• Reporting instances of non-compliance does not relieve CCW  of the requirement to report breakdowns in accordance with other specific conditions of the permit.

Annual Reporting for Ammonia Flare: 

  • Monthly fuel usage and monthly hours of operation for the ammonia flare must be reported to ACHD on an annual basis.


Additional Requirements and Conditions: Any additional site-specific requirements or operational conditions that are not covered in the standard regulatory framework.

Incorporation of 40 CFR 63 Subpart DDDDD: 

  • The National Emission Standards for Hazardous Air Pollutants (NESHAPs) for Industrial, Commercial, and Institutional Boilers and Process Heaters, as outlined in 40 CFR Part 63 Subpart DDDDD, are incorporated by reference into the permit. This means the facility must comply with these federal standards, which set emission limits and establish requirements for monitoring, record-keeping, and reporting for boilers and process heaters.

  • The permit specifies that ACHD shall reopen the permit to incorporate specific requirements from 40 CFR 63 Subpart DDDDD as necessary. This indicates an ongoing process of updating and ensuring compliance with the latest federal standards as they apply to the facility's operations.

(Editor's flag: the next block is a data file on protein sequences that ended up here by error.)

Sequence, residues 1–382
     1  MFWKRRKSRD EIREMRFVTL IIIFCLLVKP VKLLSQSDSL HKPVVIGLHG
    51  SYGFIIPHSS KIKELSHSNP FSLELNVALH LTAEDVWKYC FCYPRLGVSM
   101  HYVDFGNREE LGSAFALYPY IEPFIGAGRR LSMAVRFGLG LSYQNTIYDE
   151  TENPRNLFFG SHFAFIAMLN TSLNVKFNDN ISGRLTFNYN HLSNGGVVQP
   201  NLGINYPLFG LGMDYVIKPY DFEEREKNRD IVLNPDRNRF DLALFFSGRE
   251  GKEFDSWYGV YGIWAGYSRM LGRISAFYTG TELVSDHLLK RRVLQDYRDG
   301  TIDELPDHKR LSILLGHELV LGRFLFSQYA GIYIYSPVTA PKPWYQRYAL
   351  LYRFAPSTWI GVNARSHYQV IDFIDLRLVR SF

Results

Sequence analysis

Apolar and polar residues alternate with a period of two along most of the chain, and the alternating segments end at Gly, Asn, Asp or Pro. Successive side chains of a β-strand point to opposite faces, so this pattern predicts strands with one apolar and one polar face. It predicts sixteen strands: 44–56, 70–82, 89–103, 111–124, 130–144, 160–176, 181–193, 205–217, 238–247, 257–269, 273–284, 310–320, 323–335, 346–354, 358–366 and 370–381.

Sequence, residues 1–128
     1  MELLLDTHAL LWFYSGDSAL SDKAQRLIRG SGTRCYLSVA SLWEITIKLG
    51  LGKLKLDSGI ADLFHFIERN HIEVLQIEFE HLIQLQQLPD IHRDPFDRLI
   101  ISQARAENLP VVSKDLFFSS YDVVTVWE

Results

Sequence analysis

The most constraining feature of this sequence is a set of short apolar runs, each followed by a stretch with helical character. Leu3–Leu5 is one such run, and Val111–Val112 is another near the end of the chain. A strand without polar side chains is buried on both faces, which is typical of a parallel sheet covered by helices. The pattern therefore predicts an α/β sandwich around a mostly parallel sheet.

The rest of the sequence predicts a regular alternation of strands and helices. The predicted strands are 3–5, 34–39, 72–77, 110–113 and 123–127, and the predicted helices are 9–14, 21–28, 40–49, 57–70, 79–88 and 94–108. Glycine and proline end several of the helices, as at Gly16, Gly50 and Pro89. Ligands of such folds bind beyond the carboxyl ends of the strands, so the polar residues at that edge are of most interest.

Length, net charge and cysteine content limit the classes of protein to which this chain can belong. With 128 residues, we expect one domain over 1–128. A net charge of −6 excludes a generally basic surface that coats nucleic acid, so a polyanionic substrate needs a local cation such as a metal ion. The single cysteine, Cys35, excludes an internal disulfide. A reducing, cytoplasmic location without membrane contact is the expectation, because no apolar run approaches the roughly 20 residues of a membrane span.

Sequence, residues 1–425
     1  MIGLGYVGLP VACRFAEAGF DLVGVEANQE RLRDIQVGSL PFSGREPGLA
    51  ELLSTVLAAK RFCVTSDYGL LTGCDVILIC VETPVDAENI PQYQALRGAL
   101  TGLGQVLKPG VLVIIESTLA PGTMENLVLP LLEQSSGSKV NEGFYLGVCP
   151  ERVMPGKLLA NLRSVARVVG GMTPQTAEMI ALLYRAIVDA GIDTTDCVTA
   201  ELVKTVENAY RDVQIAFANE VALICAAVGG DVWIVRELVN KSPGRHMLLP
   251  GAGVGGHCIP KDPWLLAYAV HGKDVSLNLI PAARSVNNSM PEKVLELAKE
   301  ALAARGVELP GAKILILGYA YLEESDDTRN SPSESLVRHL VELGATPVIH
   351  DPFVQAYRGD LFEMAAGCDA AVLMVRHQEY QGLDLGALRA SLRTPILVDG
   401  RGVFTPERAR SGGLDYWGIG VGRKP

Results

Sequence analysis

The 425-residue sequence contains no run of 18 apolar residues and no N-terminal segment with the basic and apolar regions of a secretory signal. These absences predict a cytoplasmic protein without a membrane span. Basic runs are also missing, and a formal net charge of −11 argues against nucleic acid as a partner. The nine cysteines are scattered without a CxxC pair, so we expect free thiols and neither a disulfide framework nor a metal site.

Permit Shield Effect: This section that outlines the legal protections provided by the permit, indicating that compliance with the permit's terms is deemed compliance with applicable regulations.

  • Compliance Assurance: The permit shield asserts that compliance with the conditions of the permit is deemed compliance with applicable requirements of the Clean Air Act. This means that as long as the facility adheres to the permit's terms, it is considered to be in compliance with the relevant air quality laws and regulations.

  • Protection Against Enforcement: The permit shield can provide protection against enforcement action for certain emissions or operational processes if they are explicitly covered by the permit. This does not imply immunity from all regulations but assures that the facility won't be subject to enforcement for complying with the permit's terms.

  • Scope and Limitations: The shield is typically limited to the specific conditions and emissions outlined in the permit. It does not extend to any environmental violations outside the scope of the permit or to any future regulatory requirements that may be established after the permit's issuance.